It's practice, really. But that feedback still helps!

(Not sure what apps can be used on Windows Phone unfortunately, but all the ones I tried on Android could do that kind of feedback.)
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[User Picture]From: snow_leopard
2013-07-23 09:05 am (UTC)
Saturday demonstrated that I am clearly going to have an issue with pace once off a running machine.
Went to a gym where the machines were calibrated to display MILES per hour, rather than KM per hour. Suddenly I had no idea how to run, no idea what to set it to!
I ended up giving up and going and doing 10 minutes on the cross trainer instead.
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[User Picture]From: philipstorry
2013-07-23 06:41 pm (UTC)
That's not quite the same pacing problem, to my mind!

Practice. And perhaps figure out what your preferred speed is in imperial as well as metric. ;-)

But most importantly, don't let this distract you. You can do half an hour of running, it'll be fine - and the pacing will sort itself out. It just takes practice.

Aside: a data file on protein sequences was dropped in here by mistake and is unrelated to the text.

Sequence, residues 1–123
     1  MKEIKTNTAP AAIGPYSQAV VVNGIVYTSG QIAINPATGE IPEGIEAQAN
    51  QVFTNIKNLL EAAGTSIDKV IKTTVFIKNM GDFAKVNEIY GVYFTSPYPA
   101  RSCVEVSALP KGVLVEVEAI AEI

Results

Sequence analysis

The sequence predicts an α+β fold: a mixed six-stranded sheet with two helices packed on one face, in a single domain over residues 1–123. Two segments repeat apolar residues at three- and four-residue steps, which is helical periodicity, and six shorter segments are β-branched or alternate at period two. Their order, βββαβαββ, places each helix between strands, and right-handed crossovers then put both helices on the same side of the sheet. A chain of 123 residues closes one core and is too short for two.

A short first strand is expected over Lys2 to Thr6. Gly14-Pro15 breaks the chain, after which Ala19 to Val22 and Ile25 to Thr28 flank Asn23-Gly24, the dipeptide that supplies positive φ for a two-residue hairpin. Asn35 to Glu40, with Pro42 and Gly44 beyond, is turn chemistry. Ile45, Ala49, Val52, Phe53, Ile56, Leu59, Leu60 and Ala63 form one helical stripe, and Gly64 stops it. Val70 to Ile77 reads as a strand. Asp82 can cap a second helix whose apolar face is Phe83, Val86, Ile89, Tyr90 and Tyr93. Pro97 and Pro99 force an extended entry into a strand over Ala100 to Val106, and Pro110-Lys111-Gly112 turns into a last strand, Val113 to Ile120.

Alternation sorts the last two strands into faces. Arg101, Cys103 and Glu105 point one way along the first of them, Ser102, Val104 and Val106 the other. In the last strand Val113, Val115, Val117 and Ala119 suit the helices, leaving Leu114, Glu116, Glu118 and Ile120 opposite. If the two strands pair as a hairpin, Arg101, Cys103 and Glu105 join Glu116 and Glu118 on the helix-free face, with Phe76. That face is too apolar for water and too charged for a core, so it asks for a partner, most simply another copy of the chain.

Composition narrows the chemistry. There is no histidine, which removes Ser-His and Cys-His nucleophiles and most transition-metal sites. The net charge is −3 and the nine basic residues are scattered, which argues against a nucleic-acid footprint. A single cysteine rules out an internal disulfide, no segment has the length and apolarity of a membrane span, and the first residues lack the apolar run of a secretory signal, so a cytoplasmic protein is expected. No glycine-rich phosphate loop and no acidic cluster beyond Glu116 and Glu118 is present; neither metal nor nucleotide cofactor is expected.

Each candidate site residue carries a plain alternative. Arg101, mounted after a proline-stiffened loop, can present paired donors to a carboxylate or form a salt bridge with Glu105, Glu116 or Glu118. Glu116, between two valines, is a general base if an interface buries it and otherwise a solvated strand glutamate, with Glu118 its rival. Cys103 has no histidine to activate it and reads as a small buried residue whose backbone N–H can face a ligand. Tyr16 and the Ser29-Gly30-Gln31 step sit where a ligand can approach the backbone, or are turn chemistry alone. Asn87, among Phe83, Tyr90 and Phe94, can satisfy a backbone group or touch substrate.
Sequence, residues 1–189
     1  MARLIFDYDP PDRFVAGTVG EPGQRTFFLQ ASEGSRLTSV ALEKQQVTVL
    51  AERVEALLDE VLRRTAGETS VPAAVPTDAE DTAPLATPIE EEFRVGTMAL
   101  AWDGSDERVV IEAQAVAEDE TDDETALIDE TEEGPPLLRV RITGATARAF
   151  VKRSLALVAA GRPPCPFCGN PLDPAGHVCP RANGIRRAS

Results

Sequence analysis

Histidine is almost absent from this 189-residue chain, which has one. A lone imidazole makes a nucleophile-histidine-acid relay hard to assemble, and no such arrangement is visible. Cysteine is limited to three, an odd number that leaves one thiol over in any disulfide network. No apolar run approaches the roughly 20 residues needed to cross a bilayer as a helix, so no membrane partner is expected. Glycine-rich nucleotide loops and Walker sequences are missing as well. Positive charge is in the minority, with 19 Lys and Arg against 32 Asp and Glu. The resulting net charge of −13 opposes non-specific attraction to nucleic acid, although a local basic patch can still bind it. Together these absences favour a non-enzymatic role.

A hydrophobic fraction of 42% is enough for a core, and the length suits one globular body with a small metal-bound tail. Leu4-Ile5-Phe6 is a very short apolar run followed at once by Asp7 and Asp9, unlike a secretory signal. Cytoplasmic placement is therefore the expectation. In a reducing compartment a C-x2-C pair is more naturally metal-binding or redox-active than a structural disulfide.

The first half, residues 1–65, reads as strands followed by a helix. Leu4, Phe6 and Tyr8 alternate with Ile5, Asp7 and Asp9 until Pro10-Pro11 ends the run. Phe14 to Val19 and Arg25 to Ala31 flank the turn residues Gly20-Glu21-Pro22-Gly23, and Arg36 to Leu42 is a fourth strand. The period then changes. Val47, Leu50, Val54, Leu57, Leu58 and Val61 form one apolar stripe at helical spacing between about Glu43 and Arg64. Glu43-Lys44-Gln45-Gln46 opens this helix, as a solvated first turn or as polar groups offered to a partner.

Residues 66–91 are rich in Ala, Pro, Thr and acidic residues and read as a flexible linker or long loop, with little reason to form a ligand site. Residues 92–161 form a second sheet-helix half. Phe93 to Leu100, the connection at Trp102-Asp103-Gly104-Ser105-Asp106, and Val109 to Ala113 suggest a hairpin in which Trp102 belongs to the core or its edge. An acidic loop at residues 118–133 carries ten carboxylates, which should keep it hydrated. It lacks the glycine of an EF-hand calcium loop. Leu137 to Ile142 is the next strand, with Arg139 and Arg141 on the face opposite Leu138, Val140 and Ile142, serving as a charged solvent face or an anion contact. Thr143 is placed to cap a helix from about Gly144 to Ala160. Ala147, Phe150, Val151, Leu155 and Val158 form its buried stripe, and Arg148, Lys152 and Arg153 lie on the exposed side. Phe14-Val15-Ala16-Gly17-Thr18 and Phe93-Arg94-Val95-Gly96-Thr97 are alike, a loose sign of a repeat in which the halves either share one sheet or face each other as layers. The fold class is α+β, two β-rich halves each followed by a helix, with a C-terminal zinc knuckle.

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[User Picture]From: venta
2013-06-18 09:51 pm (UTC)
The way sports is taught in schools is just awful. It would never (I hope!) occur to someone to shout at people who were poor at maths to "try harder", while organising all the good mathematicians into teams to compete against each other. But that's how games lessons were...

With hindsight - now I have (equally improbably) started running voluntarily - what bugs me most is that the emphasis was always on trying. Slow runner? Then try harder. No one ever offered any advise on improving, or techniques for becoming a better/stronger runner.
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[User Picture]From: snow_leopard
2013-06-19 07:57 am (UTC)
Hear hear!

If one of the sports teachers had done something as simple as actually give us a timer and said "run for 5 minutes and then walk for one", even those of us who were not naturally gifted would have made an improvement. And I might not have then had a 10+ year hatred of exercise!